RNA inheritance could prove to be an important genetic mechanism in other organisms, including humans, acting parallel to DNA.
“This could possibly allow parents to prepare their progeny for hardships similar to the ones that they experience,” Rechavi said.
The researchers are now studying a wide variety of traits affected by inherited small RNAs.
SHOULD INFANTS NOT GO ON AIRLINE FLIGHTS? Infants are not given a seat in a commercial airline fight, but are held in their parents’ arms or laps. But even though it is standard practice, it could be very unsafe – and not only regarding safety in the event of a crash. In a first-of-its- kind study, researchers at University Hospitals Rainbow Babies & Children’s Hospital in Cleveland analyzed pediatric medical emergencies involving 7,000 medical emergencies involving children on flights worldwide between 2010 and 2013. They found 90 percent of deaths occurred in children under the age of two, suggesting that it might be wise not to take them on planes at such a young age. Death most commonly occurred in previously healthy children under the age of 24 months and in children with a preexisting medical condition.
Pediatrics Prof. Alexandre Rotta, the study’s principal investigator, said that of the 7,573 reported emergencies, 10 resulted in death, and six had no previous medical history.
Four passengers had preflight medical conditions, including two children traveling to access advanced medical care. Dr.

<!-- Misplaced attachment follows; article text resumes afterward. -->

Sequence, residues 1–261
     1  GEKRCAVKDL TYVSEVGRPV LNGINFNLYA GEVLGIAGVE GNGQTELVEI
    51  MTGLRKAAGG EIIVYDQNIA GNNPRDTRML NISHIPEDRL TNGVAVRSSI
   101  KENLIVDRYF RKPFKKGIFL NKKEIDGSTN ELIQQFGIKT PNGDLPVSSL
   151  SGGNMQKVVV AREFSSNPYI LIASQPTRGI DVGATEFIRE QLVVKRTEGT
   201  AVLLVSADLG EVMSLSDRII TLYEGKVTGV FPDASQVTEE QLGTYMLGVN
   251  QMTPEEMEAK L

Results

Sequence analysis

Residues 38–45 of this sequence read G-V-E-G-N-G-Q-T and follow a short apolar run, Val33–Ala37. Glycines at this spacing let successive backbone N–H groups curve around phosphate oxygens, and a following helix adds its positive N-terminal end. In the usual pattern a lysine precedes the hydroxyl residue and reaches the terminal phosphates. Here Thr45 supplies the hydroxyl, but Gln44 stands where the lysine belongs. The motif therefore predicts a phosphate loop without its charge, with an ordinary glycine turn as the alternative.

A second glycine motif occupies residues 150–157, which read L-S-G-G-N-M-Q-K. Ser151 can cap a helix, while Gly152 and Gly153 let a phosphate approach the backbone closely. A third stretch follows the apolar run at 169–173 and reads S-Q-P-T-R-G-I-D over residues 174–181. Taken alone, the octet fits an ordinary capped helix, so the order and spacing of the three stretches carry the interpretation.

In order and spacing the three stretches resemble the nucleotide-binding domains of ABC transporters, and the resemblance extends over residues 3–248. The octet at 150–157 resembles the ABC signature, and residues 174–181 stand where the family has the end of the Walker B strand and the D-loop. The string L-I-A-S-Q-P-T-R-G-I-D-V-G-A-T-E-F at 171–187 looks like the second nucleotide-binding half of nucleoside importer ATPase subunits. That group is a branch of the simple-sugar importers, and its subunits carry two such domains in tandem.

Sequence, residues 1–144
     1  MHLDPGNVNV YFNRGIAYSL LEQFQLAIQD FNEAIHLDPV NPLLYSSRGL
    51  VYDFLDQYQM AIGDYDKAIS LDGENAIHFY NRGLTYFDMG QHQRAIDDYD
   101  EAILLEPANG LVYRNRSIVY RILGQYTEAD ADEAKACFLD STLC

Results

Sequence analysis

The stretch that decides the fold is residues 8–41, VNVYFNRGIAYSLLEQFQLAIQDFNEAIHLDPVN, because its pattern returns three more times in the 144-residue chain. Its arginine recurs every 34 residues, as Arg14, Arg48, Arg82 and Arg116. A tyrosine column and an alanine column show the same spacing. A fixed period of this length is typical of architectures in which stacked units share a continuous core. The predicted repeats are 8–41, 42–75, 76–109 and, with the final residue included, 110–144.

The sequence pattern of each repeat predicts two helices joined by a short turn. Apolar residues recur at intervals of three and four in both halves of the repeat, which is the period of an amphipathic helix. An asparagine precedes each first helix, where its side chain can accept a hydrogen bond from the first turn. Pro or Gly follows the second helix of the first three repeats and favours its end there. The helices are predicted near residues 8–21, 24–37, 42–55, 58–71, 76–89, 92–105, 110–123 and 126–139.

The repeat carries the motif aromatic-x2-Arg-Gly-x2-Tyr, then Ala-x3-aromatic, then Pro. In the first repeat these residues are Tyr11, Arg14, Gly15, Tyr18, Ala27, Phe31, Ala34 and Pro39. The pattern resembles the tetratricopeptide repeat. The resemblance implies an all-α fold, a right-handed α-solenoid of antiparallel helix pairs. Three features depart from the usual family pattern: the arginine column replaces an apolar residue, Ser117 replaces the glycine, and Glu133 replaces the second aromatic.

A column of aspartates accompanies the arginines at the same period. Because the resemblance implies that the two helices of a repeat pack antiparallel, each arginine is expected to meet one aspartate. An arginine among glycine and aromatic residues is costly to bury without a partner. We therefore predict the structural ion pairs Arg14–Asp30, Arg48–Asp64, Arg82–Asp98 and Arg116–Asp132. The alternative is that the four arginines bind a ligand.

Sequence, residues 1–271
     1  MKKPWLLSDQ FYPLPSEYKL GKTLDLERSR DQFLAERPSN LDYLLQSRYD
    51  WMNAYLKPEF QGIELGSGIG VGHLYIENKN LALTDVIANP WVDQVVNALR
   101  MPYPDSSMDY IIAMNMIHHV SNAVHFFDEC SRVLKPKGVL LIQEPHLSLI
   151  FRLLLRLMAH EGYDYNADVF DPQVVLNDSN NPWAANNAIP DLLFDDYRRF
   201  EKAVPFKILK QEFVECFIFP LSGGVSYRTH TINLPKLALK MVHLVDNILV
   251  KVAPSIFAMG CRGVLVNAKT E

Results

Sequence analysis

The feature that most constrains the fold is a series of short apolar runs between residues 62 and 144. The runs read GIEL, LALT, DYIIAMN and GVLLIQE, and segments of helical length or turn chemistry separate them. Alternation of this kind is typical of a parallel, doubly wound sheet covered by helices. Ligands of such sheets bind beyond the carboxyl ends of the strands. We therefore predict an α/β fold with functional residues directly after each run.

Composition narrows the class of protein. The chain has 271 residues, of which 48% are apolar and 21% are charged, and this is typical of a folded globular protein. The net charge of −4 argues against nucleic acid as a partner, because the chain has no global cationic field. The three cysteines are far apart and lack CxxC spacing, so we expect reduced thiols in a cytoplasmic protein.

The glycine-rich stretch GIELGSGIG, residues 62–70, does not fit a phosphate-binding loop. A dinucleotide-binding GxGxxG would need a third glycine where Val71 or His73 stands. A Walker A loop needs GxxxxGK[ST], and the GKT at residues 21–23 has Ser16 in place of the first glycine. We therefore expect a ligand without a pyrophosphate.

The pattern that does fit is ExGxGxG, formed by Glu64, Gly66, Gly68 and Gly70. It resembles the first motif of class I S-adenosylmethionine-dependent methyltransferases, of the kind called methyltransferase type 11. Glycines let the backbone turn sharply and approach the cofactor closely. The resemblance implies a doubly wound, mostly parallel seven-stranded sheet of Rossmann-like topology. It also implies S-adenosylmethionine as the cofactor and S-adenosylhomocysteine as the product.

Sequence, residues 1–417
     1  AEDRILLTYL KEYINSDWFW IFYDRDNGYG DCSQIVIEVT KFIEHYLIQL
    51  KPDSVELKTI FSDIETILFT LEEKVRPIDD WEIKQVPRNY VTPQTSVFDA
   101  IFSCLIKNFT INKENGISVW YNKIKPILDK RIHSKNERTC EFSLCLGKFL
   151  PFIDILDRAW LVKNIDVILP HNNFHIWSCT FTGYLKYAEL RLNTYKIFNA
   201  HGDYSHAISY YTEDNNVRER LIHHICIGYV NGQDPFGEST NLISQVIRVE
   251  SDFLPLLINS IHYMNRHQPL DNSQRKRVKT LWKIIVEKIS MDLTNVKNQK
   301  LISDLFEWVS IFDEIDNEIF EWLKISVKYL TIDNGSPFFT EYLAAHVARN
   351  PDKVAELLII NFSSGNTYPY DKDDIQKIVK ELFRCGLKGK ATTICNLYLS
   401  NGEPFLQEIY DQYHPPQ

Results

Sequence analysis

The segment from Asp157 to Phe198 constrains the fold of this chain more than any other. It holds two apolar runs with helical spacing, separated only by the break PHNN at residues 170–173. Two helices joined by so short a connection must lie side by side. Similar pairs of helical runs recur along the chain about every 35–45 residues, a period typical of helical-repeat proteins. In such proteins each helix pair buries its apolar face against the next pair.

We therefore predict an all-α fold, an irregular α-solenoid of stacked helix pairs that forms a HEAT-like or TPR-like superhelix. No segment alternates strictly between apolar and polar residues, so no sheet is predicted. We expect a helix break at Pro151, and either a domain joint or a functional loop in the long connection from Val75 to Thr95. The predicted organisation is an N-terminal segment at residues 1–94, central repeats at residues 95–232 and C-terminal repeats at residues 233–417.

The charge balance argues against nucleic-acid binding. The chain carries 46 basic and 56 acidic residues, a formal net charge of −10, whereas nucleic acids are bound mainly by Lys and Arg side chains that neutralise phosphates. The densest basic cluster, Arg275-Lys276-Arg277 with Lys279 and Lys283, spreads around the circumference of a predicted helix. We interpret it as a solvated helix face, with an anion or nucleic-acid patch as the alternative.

Rotta speculates these infants were at increased risk from exposure to a hypoxic cabin environment or by sharing a seat with an adult and co-sleeping during a long flight, but there could also be another as-yet unknown factor.
“I hope our findings lead to further research on this important subject,” said Rotta. “It is my belief the pattern we discovered should promote the development of preventative strategies and travel policies to protect the health of all pediatric airplane passengers, especially infants.”
RESUSCITATING WOMEN GIVING BIRTH Electrical failure of the heart during delivery is uncommon, affecting one in 12,000 women, but resuscitating them requires special techniques. The statistics have not changed in the past decade, despite the rising childbearing age, said Dr. Sharon Anav, an anesthesiologist and intensive care specialist at Jerusalem’s Shaare Zedek Medical Center.
Anav was a member of a team that recently studied the issue, including hospital preparedness for such events. The team published an article with its findings and recommendations on how to get organized and what physical signs should arouse suspicion that such an event may occur.
Anav said they she received a query even from the American Heart Association, which invited her to help prepare an addition memorandum of understanding on resuscitating such women. Anav was recently named chairman of the Israel Resuscitation Society.